I arrived in Fethiye by bus from Bodrum. It wasn’t difficult to find good accommodations. Fethiye has a good selection of hostels, budget and mid-range accommodations, although resorts are usually booked in advance. My pension was located on the edge of the hillside overlooking the sparkling bay. Before setting off to explore the town and the ruins, I relaxed on the Turkish style roof terrace and enjoyed a delicious traditional Turkish breakfast: boiled egg, cheese, tomato, olives, bread and honey and apple tea.
Although there are plenty of tourists about, most of them stay at the out-of-town resorts, so as I walk up the winding back-roads toward the tombs I meet only village folk and curious children who offer to show me the way. Finally, I reach my long-awaited destination, the stone steps that lead up the hillside to the tombs. But can I ascend all those steps to reach them? I am already exhausted from the 40C heat and the long slope I’ve walked up from the town. High above me I can see the facades of the Doric-style temples that are cut into the cliff face of the mountain. I’ve waited years for this moment, but I’m almost ready to give up.
catch my breath and haul myself up the precarious two hundred steps. Finally, I am standing in front of the most predominant of these marvels, the Tomb of Amyntas, which dates to the 4th century B.C. The tomb chamber is empty and very small, but the magnificent view across the tiled rooftops of the village and town of Fethiye and the sparkling turquoise sea made the long trek up worth the effort. Entrance to the tombs is free. You just need a good set of legs and determination to climb up there.
There are many sarcophagi (stone coffins) in the town itself, and The Fethiye Museum is located off the main street in the centre of town. It displays many of the Lycian artifacts including pieces from the Bronze, Archaic, Hellenistc and Roman ages. The Museum is open Tuesdays to Sunday, 8.30 – 5.30; entry is $2.00.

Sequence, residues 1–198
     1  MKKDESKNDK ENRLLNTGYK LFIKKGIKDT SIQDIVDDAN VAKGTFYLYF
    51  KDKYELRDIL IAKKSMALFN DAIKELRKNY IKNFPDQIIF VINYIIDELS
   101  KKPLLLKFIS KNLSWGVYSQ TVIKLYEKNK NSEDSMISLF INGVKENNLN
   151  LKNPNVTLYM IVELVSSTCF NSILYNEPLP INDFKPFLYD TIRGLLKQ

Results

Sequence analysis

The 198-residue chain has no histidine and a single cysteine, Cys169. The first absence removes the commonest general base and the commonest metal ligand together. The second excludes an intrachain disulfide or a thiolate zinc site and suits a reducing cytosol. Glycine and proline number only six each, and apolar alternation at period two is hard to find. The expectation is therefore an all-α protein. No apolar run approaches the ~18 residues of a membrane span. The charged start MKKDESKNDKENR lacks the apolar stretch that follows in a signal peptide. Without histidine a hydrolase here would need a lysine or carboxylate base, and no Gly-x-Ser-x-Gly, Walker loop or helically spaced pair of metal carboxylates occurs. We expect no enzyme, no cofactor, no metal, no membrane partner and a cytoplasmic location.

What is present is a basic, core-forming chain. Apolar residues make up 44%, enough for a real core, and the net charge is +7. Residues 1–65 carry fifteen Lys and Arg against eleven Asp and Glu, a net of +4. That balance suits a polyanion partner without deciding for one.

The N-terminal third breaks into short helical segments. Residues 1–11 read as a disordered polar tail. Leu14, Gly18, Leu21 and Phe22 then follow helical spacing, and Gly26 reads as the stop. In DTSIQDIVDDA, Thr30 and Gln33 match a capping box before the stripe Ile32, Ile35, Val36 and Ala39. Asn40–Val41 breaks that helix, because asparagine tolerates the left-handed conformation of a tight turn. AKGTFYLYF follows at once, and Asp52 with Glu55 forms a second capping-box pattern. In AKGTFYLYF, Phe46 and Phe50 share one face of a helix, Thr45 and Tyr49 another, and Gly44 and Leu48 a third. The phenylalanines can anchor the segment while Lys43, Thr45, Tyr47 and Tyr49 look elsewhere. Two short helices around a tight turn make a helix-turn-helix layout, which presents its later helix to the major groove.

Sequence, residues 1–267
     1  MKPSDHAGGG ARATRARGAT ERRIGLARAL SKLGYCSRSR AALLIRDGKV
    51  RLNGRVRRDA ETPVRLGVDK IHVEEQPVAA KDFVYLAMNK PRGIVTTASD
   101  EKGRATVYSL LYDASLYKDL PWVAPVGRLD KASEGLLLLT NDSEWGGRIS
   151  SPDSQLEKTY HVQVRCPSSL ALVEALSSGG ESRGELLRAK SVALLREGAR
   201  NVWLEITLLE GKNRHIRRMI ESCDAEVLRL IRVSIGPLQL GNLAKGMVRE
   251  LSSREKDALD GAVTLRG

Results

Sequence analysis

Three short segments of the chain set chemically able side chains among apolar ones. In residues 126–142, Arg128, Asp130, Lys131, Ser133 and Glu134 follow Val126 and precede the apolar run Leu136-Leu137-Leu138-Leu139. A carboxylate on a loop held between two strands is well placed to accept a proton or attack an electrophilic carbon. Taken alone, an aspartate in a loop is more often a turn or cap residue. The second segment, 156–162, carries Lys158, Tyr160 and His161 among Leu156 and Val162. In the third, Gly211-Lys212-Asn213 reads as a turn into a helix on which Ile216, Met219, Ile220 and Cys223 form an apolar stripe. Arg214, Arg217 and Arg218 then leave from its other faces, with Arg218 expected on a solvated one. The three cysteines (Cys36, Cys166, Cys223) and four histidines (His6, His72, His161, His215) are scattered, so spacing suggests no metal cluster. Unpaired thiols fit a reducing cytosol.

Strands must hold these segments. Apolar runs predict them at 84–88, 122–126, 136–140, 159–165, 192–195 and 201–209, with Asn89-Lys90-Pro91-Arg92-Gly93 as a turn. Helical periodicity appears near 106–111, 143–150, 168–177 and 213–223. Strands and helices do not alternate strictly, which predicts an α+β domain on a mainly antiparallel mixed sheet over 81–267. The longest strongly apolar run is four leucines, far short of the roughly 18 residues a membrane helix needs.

The area around Fethiye is known for its beautiful beaches and they are easy to reach by the small Turkish min-buses calleddolmus. I spent an afternoon at Belceky Beach located on a bay surrounded by pine-forested mountains. The sea here is absolutely gorgeous, clear turquoise and very warm. The nearby village of Oludeniz is located on a blue lagoon of the same name that means “Dead” or “Calm Sea”. But the sea there certainly wasn’t calm. Big rollers crashed in on the pebbly shore. It’s a popular resort with cafes and lines of colorful umbrellas and lots of tourists. Parasailers soar out over the sea. Behind the beach, a few brave people plummet off the cliff in what they call “tandem paragliding”. Oludeniz is the starting point for the Lycian Way, Turkey’s only marked trekking route which winds along the coast to Antalaya.
At the village bazaar, I haggle with the jewelry sellers and watch a traditionally dressed lady rolling outgozleme, a kind of thin pancake, like a crepe but made with dough instead of batter and filled with shredded potato, cheese and onions. It is a delicious snack while waiting for the dolmus to take me back to Fethiye.
There are many spectacular places to explore around Fethiye including several more Lycian sites. I would have liked to have stayed longer, perhaps to go cruising down the Turquoise Coast. But that’s something I can look forward to on my next visit, for I will certainly return.
Written by W. Ruth Kozak for EuropeUpClose.com